People like to say that the first year of marriage is the hardest. Comedians Cameron Esposito and Rhea Butcher are putting that pithy nugget of boomer wisdom to the test.
Six months ago, less than a month after they got hitched, the couple began work on their six-episode Seeso web series (which premieres today). What they’d initially pitched to the subscription-based online comedy network was a stand-up/sketch show based on their weekly UCB Franklin showcase “Put Your Hands Together.” But once they sat down in the writers room, the show evolved into Take My Wife, a full-fledged scripted sitcom about their lives as coupled-up comedians. Juggling comedy careers and a romantic relationship while working on a show about juggling their comedy careers and a romantic relationship is a daring move for a pair of newlyweds.
At a Los Feliz coffee shop on a recent weekday morning, Esposito admits as much: “It’s so much stress and pressure on a relationship. It’s also the best because she’s the coolest and I trust her more than anyone but, good god, it’s terrible. And the best. It’s also the best.”
With her signature “side-mullet,” a hairdo that’s served as a trusty setup for jokes about the obviousness of her sexual orientation, Esposito is easy to spot in the small cafe. She’s also, as always, wearing a leather motorcycle jacket even though it’s July.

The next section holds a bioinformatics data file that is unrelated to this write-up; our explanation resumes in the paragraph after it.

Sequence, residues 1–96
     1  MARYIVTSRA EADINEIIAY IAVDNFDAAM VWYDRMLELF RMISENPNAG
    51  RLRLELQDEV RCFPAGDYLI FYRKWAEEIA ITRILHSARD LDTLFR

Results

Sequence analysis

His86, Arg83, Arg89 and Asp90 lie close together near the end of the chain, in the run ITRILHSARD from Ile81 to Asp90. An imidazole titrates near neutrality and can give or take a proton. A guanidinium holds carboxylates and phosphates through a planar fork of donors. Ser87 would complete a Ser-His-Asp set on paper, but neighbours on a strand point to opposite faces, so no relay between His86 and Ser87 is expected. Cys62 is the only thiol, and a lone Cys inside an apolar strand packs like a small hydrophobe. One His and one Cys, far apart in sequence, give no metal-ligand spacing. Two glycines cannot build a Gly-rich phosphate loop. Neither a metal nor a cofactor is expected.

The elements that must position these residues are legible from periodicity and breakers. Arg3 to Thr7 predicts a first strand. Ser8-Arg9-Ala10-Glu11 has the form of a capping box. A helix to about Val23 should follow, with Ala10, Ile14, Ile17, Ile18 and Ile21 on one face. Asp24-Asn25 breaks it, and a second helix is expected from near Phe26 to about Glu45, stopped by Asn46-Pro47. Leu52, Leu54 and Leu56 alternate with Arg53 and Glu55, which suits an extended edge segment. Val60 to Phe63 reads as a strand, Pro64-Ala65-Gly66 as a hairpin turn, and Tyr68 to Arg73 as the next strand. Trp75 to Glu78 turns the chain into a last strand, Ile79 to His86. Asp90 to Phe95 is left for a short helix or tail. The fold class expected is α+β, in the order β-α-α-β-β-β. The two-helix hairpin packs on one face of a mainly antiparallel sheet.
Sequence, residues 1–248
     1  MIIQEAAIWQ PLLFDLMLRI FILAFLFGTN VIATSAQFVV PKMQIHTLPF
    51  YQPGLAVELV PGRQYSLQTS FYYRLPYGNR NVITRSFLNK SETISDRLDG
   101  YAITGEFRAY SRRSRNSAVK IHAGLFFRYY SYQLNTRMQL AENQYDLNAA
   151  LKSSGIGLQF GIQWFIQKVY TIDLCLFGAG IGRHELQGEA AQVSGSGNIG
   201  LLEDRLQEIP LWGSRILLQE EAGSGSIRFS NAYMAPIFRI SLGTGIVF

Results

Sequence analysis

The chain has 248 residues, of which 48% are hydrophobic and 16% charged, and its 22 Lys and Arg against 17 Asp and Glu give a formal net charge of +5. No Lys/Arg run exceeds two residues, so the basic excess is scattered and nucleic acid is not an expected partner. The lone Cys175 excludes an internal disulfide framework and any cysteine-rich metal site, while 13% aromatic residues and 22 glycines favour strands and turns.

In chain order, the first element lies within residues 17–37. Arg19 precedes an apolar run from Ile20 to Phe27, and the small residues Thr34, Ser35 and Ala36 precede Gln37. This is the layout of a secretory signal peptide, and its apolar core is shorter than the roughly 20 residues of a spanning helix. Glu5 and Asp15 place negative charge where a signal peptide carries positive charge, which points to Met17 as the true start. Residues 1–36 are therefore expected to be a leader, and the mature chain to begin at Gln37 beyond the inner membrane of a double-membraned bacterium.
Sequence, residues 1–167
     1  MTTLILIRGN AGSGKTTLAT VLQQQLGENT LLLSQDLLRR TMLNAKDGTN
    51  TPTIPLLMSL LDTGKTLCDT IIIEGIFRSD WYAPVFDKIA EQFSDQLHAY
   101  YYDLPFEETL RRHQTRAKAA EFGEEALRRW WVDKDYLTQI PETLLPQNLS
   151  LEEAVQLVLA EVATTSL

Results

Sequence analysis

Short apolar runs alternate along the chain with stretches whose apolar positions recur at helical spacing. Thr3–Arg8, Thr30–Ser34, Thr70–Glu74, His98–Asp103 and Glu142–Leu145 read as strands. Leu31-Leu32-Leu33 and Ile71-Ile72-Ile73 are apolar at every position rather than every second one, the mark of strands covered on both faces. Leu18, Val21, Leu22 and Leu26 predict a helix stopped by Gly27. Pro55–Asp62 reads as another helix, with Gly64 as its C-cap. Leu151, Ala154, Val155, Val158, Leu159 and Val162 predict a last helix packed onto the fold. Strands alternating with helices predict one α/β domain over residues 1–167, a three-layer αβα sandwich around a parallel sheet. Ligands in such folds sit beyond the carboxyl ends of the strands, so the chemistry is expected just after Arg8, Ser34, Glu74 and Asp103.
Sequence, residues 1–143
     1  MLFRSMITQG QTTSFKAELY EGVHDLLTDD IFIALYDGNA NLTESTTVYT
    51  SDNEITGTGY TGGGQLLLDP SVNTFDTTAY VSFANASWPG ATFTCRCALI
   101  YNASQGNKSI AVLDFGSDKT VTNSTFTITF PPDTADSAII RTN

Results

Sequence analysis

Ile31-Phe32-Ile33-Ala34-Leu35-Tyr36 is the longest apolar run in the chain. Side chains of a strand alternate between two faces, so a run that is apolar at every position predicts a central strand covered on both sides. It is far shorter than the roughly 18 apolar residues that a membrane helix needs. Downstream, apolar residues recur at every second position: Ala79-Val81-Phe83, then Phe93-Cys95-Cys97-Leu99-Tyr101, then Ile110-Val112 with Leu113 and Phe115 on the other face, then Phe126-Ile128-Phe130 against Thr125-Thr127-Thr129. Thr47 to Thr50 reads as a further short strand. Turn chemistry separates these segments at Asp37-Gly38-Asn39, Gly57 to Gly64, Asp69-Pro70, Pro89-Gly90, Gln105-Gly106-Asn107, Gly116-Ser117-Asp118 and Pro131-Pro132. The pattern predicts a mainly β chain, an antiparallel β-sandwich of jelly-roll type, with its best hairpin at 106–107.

She continues talking about the dynamic she and Butcher have as creative partners: “The thing that saves us is that I think we both want the same things put out there about our relationship and our careers. We both want to work for social change and also live good lives. We both want to have specific haircuts that make us look good on camera, then also make jokes that are political. I think we have a really shared vision on that.”
Take My Wife is “thematically autobiographical,” Esposito says, meaning that while the details have been tweaked, the story they’re telling is basically true. In episode one, an adoring if codependent Cameron is fed up with spending her days eating pho alone in her car and successfully convinces Rhea to quit her day job — as a graphic designer tasked with making fish sticks packaging look more appealing — to pursue comedy full-time. Minus, perhaps, the fish sticks stuff, that’s what really happened.